A Few Degrees of Separation
Just a few degrees change in temperature can mean the difference between sailing along on snow and ice, or wallowing in slush and overflow. We have had a very warm January with temperatures rarely below zero and many days soaring above 32 degrees. And while it’s not unusual to have a “Chinook”–our word for warm southerly winds – they usually only last a few days and then we get on with our normal wintery temperatures of 10, 20, 30 and 40 degrees Fahrenheit below zero. Not this year!
It’s no doubt this winter has been a warm one here in Alaska. Last week four kennels rangers and 27 dogs mustered to head out on our scheduled 100 mile patrol into the Denali Wilderness. We left headquarters in a temperature of plus 38 degrees Fahrenheit and pouring rain with a forecast for higher temperatures to come. We wondered if this was a normal Chinook, or something bigger—perhaps a result of ongoing climate change?
Kennels Ranger, Lauren Gomes, pushes her sled up a thin ribbon of dwindling white snow. (NPS Photo/Jen Raffaeli)
Soon, the rain abated and the skies turned a brilliant blue but still the warm winds blew and we watched most of the winter’s snow disappear under our sled runners.
As we pushed ourselves and our teams deeper into the designated wilderness on a dwindling snow pack, then ice, and then finally tundra, rock and mud, we were able to look at the log books kept at each of the patrol cabins that we stopped at each night. There we found accounts of temps in the plus 30s and 40s in years past, but nothing as prolonged as this year and nothing as high. On January 25th, 2014 we set a record of 52 degrees, the highest January temperature seen in the park during the 92 year history of weather recording by park staff.
Sled runners are not designed to glide across muddy gravel. On the Tek Flats we jumped off of our sleds and ran next our teams to travel more efficiently. (NPS photo/Jayme Dittmar)
Of course, any climate scientist will tell you that weather in Alaska varies from year to year, and a single warm spell does not necessarily signify long-term climate change. But those same scientists are also predicting that these “strange” winter conditions are likely to become more and more common in the years to come, with far-reaching effects on the plants and animals here in Denali. For example, a comparison of photographs taken many years apart has documented a change from grasslands to shrubs, and from shrubs to forest in Denali. Such changes in vegetation alter the type and quality of food available to herbivores such as caribou and moose. Changes in abundance of these animals will have further effects on the predators - wolves and bears - that depend on them, creating trophic cascades throughout the ecosystem.
As we celebrate the 50th anniversary of the Wilderness Act, it is worth reflecting on the limitations as well as the success of that landmark legislation. One of the many reasons the Wilderness Act was established in 1964... “In order to assure that an increasing population, accompanied by expanding settlement and growing mechanization, does not occupy and modify all areas within the United States … and these (lands) shall be administered for the use and enjoyment of the American people in such manner as will leave them unimpaired for future use as wilderness...” The Wilderness Act goes on to define wilderness: “in contrast with those areas where man and his own works dominate the landscape, is hereby recognized as an area where the earth and its community of life are untrammeled by man, where man himself is a visitor who does not remain.”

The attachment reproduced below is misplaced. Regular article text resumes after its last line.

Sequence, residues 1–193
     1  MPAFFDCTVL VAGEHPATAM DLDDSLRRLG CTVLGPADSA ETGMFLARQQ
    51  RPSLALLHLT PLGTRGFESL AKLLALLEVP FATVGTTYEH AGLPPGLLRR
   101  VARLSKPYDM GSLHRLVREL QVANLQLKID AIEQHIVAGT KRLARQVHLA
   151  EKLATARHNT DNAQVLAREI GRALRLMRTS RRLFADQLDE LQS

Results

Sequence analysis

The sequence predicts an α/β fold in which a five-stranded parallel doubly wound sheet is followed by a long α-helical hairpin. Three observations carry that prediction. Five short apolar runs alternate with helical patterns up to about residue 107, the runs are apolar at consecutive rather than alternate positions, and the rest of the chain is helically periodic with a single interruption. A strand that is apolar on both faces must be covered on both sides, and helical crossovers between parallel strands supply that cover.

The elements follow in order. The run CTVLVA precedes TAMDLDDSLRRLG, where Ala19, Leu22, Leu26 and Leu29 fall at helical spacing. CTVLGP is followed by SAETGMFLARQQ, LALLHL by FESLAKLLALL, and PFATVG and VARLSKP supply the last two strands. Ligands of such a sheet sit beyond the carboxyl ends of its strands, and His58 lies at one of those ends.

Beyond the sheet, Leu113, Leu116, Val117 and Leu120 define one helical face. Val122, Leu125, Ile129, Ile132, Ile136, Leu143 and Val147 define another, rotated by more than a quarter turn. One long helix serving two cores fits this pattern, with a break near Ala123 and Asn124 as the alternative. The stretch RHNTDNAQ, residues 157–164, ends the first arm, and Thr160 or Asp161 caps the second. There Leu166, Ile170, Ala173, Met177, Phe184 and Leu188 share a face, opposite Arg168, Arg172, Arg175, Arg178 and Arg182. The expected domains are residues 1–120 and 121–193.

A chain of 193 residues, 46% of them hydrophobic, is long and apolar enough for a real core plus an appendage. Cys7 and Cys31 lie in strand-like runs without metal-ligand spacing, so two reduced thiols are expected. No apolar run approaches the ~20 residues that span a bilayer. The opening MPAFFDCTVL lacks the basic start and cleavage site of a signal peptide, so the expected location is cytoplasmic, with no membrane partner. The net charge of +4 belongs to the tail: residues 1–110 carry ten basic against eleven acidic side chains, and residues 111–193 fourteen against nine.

Melted ice ponds and exposed tundra is an unusual sight on the East Fork of the Toklat River in January. (NPS photo/Jayme Dittmar)
We can draw a line on a map, and regulate everyone’s activities here on the ground within the boundaries. The NPS travels by dogsled rather than motorized transport within the designated 2 million acres of designated Wilderness in Denali. We follow in the historic footprints and paw-prints of rangers past continuing the tradition of travel by dogsled which began with Harry Karstens in 1922. Our ephemeral snow trails leave the landscape unchanged over the years. When the summer sun comes and melts our packed trails away, no trace remains of our winter travels with the dogs.
Sled travel doesn't produce engine emissions, cause erosion or create other permanent impacts—only two fading parallel lines remain as a signature of our passing. (NPS photo/Patty Del Vecchio)
As the dogs and kennels rangers of Denali National Park work to preserve the Wilderness of Denali, so does anyone who makes the effort to conserve energy and reduce emissions of “greenhouse gasses,” no matter how far away they live. We all can take pride in helping to protect the plants and animals in Denali’s Wilderness whether we are out on patrol or reducing and recycling in our own neighborhoods.
Canine Ranger Superstars
The sunrise illuminates Mt. McKinley while Kennels Ranger, Jen Raffaeli, rests her team. (NPS Photo/Jayme Dittmar)
All the NPS sled dogs pulled their weight this patrol, taking the constantly changing and challenging conditions in stride! Aliqsi and Spur are especially recognized for leading the teams through a nonexistent trail of mud, the Tek Flats, on the homestretch back to headquarters.
Aliqsi loves to remind us how cute she is by tilting her head whenever we take her picture. (NPS photo/Jayme Dittmar)